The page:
Parents | Raising readers & learners.

Home of Parent & Child Magazine

Earth Day: How to Get Kids Involved

Earth Day, which falls on April 22 this year, reminds us to value our relationship with nature. Here’s how to build on that idea.
 

Learning Benefits

lookingatocean.gif

Photo: Sharon Vos-Arnold/Getty Images

 

Photograph nature. Snap shots of plants, trees, rocks, and animals in your neighborhood. Print and hang the photos in your kitchen to remind yourselves of what you’re preserving when you choose to recycle, dispose of trash properly, and use biodegradable cleaning products.

 

Watch the clouds. Lie on a blanket or cuddle on a stoop as you hunt for hippos, lizards, and lions. Afterward, visit CleanAir.org together to discover simple things your family can do to keep our skies blue.

 

Play an I Spy game where you take turns pointing out birds, flowers, and leaves. Ask your child if she thinks those animals and plants are part of nature like the ones she might find in a protected area such as a national park. Then pose this question: If these animals and plants are also part of nature, shouldn’t we protect them, too?

 

Gaze upon the stars. Download Google’s Sky Map app for Android phones or Vito Technology’s Star Walk app for iPhones. Then explore nearby constellations together. Discuss how one star looks tiny but is actually huge and how, like a star, one act of kindness to our Earth seems small but makes a big difference.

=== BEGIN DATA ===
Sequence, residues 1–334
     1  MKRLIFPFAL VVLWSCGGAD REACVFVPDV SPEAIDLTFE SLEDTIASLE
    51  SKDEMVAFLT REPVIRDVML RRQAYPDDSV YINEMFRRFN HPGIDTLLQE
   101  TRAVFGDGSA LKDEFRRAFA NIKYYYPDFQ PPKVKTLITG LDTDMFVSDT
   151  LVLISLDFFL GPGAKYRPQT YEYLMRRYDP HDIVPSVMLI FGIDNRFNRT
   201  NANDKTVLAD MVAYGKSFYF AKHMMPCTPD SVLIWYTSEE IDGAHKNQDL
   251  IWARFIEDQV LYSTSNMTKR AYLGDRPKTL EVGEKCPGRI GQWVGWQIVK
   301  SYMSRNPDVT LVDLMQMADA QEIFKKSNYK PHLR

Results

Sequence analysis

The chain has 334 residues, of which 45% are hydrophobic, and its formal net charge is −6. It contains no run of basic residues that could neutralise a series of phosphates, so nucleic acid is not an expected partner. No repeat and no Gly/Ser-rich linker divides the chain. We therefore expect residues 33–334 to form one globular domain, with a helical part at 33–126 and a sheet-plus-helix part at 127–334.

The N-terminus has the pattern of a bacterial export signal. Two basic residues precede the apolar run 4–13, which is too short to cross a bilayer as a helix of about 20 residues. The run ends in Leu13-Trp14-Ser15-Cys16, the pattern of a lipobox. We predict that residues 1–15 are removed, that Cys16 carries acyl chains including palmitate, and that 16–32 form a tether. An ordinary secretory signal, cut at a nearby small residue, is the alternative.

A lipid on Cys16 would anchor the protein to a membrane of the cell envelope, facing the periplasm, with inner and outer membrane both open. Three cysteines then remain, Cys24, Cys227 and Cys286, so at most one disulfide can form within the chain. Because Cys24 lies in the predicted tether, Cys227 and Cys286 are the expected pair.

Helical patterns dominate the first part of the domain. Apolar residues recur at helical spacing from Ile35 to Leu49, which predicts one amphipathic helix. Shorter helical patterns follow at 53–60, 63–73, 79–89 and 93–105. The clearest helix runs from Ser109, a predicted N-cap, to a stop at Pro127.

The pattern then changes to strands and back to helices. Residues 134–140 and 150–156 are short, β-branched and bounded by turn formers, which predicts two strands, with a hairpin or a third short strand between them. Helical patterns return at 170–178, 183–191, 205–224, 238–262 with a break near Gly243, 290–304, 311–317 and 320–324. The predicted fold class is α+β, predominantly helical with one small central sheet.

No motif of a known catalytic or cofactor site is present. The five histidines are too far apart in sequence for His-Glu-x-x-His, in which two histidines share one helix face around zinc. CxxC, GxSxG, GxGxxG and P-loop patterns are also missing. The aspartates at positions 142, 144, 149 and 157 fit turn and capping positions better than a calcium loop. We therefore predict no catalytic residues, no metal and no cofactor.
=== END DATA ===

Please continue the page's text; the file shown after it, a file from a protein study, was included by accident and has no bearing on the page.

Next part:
Click It: GreenRibbonSchools.org. If you’re interested in making your child’s school a more eco-friendly learning environment in small ways or grand, this site is for you. It offers real school examples, instructions, and support for green projects. Plant a vegetable garden? Adopt a park? It’s in there. 

 

 

 

Dianne Bright is a freelance writer and mom living in southern California. She loves to read, run, and drink strong coffee.

 

NEXT in Green Living: 4 must-see organic farms

 

 


Find Just-Right Books

The Reading Toolkit

Sponsor Spotlight